Re: holes (unassigned code points) in the code charts

From: Mark Davis ☕ <>
Date: Fri, 4 Jan 2013 10:44:20 -0800

Mark <>
*— Il meglio è l’inimico del bene —*

On Fri, Jan 4, 2013 at 10:24 AM, Whistler, Ken <> wrote:

> Stephan Stiller continued:
> > Occasionally the question is asked how many characters Unicode has. This
> > question has an answer in section D.1 of the Unicode Standard. I
> > suspect, however, that once in a while the motivation for asking this
> > question is to find out how much of Unicode has been "used up". As
> > filling in holes would be dispreferred, it might be interesting to know
> > how much of Unicode has been filled if one counts partially filled
> > blocks as full. I have no reason to disagree with the (stated and
> > reiterated) opinion that our codespace won't be used up in the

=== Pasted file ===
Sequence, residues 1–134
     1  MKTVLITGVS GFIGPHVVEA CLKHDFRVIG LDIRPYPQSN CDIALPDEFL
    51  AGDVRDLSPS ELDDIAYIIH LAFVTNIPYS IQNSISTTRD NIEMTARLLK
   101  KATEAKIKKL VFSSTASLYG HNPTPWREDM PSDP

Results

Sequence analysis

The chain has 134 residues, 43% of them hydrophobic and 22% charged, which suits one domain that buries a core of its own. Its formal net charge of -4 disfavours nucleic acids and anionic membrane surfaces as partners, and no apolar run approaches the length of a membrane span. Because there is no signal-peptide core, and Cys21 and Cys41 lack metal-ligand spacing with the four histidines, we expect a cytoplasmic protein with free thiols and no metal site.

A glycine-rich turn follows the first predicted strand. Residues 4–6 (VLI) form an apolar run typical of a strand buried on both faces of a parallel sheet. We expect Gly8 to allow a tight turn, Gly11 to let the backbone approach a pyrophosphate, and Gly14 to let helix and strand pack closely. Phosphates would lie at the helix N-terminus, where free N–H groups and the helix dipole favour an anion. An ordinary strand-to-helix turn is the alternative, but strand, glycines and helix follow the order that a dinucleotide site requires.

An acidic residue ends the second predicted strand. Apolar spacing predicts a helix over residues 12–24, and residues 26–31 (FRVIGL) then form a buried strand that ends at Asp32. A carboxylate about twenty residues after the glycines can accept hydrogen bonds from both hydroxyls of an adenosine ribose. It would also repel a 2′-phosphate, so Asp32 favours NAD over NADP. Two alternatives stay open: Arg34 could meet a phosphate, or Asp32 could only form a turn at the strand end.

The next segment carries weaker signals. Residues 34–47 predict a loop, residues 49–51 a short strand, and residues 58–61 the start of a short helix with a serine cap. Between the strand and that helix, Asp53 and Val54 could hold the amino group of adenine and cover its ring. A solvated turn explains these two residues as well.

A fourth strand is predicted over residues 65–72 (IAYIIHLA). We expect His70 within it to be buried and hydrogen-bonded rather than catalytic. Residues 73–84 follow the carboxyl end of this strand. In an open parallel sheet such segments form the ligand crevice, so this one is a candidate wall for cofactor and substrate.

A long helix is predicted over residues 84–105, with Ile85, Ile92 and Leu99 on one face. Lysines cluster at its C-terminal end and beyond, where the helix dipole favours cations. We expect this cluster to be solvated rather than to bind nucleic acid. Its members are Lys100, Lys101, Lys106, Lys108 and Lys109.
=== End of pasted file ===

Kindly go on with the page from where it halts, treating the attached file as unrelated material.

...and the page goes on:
> > foreseeable future, but it's simply a fun question to ask.
> >
> The editors maintain some statistical information relevant to this fun
> question at:
> Feel free to reference those fun facts the next time Unicode comes up in
> conversation at the bar. ;-)
> There have been a few notable examples where particularly egregious
> examples of holes in blocks that seemed unlikely to be filled with like
> material in the future were "reprogrammed" as it were, and grabbed for the
> encoding of unrelated sets of characters. The most notable of these is the
> range U+FDD0..U+FDEF in the middle of the Arabic Presentation Forms-A
> block. There was a clear consensus in both committees that nobody wanted to
> add any more encodings for presentation forms of Arabic ligatures. So, when
> a need arose to add another range of noncharacters, the UTC simply decided
> that the otherwise unused range U+FDD0..U+FDEF could serve for that, while
> not requiring the addition of a new two-column block that could otherwise
> be used on the BMP. There are several symbol blocks on the BMP which have
> also had a somewhat colorful and creative history of "hole-filling" over
> time.
> --Ken
Received on Fri Jan 04 2013 - 12:45:50 CST

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